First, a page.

Assault & Battery

An assault is any unlawful attempt or offer with force or violence to do bodily harm to another, whether from ill will or extreme carelessness; for example, by striking at or holding up the fist at a person in a threatening or insulting manner, or with other circumstances that evidence an intention, coupled with a present ability, of actual violence against the person, such as by pointing a weapon at him when he is within reach of it. When the injury is actually inflicted, it amounts to a battery.


Assault and battery is the combination of the crimes of threat (assault) and actual beating (battery).


An assault is:


  • a. An unlawful attempt, coupled with apparent ability, to commit a violent injury on the person of another; or
  • b. An intentional, unlawful threat by word or act to do violence to the person of another, coupled with an apparent ability to do so, and doing some act which creates a well-founded fear in such other person that such violence is imminent.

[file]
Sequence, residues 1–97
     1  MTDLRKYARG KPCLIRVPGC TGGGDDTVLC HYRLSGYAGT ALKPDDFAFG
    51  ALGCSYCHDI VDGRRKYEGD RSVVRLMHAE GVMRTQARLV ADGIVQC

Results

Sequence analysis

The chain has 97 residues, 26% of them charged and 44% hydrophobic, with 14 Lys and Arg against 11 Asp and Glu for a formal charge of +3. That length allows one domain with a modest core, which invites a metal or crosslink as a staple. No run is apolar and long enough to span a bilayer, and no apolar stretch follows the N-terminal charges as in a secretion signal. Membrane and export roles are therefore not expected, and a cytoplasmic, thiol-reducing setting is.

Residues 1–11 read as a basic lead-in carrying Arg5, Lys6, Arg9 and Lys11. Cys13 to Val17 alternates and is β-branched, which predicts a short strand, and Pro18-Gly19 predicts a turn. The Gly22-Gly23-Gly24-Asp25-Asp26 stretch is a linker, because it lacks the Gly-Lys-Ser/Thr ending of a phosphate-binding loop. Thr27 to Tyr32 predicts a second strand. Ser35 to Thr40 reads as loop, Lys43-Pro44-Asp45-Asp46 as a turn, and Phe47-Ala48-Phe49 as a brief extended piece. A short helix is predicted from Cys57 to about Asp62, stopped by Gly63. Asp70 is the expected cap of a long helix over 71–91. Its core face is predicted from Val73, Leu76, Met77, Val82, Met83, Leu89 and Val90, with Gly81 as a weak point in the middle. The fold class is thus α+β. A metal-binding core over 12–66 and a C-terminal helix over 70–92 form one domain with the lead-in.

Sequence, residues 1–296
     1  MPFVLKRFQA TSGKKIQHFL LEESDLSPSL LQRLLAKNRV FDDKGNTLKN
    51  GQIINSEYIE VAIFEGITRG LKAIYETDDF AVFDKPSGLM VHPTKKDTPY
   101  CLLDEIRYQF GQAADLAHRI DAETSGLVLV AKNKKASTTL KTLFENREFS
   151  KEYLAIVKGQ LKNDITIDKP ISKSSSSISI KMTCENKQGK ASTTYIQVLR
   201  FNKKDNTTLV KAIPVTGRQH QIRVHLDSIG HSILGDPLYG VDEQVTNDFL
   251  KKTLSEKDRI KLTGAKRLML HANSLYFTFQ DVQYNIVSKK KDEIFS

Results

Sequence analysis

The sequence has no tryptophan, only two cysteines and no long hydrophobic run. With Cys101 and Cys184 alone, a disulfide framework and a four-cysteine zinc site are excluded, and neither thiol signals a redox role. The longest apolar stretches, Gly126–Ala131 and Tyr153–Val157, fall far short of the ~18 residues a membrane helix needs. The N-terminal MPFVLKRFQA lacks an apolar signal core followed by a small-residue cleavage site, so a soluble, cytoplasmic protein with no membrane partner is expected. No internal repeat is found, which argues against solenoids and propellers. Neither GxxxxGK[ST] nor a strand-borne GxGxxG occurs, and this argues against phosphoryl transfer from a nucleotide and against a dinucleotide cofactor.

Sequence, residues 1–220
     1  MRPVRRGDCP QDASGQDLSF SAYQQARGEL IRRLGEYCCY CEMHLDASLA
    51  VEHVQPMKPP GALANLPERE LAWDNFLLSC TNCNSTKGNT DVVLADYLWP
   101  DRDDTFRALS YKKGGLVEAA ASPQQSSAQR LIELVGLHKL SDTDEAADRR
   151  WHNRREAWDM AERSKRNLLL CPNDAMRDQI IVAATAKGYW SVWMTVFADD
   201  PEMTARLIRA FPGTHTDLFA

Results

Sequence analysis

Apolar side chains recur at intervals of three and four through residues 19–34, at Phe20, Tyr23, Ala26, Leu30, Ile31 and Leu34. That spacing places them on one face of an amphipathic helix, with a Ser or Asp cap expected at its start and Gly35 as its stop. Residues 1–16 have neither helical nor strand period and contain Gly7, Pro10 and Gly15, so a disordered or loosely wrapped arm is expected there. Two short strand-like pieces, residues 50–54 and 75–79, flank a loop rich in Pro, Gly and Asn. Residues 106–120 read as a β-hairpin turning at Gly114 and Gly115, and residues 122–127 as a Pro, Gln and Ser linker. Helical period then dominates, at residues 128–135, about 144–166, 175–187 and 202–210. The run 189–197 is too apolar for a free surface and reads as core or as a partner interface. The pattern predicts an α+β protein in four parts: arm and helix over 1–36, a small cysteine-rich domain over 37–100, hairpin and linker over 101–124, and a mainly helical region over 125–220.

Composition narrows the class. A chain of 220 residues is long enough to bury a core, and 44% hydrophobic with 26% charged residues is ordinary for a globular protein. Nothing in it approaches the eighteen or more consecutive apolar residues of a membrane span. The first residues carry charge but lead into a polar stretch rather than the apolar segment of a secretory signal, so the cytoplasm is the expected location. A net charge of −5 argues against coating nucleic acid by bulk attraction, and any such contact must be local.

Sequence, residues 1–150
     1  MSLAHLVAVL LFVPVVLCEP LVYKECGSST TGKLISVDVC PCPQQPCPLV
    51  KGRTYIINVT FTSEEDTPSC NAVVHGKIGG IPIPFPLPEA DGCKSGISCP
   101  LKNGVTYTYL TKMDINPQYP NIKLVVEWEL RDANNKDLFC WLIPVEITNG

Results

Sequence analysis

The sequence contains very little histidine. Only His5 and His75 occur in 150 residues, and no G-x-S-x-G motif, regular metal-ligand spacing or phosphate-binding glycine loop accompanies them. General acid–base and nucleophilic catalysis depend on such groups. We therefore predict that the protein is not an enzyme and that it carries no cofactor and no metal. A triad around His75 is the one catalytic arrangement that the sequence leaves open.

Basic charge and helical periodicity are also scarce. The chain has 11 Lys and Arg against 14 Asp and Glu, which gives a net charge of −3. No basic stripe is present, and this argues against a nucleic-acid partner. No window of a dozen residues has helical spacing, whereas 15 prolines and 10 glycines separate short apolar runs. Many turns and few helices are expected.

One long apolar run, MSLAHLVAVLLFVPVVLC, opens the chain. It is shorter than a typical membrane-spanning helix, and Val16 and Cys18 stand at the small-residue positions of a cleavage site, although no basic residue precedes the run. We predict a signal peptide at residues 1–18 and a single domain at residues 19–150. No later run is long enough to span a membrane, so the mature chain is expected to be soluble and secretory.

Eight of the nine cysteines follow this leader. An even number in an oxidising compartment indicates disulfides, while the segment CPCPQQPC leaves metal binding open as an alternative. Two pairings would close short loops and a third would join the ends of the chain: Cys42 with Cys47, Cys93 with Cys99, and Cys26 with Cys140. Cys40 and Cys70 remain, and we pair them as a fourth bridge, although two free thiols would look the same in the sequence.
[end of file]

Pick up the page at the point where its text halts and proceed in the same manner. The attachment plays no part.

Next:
A battery is any:


  • a. Willful and unlawful use of force or violence upon the person of another; or
  • b. Actual, intentional and unlawful touching or striking of another person against the will of the other; or
  • c. Unlawfully and intentionally causing bodily harm to an individual.


Violent offenses are overwhelmingly committed by males. There are a number of factors that are analyzed in studying offender characteristics and different studies use different characteristics as the basis of the study. Such characteristics include, among others, age, race, gender, location, parental involvement, education, past criminal history, drug/alcohol use, and mental illness.